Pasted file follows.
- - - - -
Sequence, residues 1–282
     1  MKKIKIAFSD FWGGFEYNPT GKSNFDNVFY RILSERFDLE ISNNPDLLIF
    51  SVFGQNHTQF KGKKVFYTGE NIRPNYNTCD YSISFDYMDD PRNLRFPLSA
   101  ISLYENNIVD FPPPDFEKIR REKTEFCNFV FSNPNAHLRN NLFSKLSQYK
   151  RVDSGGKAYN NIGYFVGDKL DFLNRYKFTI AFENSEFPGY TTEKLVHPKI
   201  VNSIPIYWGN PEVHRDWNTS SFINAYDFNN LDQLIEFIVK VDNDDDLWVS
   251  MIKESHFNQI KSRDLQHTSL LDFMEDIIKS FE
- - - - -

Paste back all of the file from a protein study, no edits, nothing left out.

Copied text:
Sequence, residues 1–282
     1  MKKIKIAFSD FWGGFEYNPT GKSNFDNVFY RILSERFDLE ISNNPDLLIF
    51  SVFGQNHTQF KGKKVFYTGE NIRPNYNTCD YSISFDYMDD PRNLRFPLSA
   101  ISLYENNIVD FPPPDFEKIR REKTEFCNFV FSNPNAHLRN NLFSKLSQYK
   151  RVDSGGKAYN NIGYFVGDKL DFLNRYKFTI AFENSEFPGY TTEKLVHPKI
   201  VNSIPIYWGN PEVHRDWNTS SFINAYDFNN LDQLIEFIVK VDNDDDLWVS
   251  MIKESHFNQI KSRDLQHTSL LDFMEDIIKS FE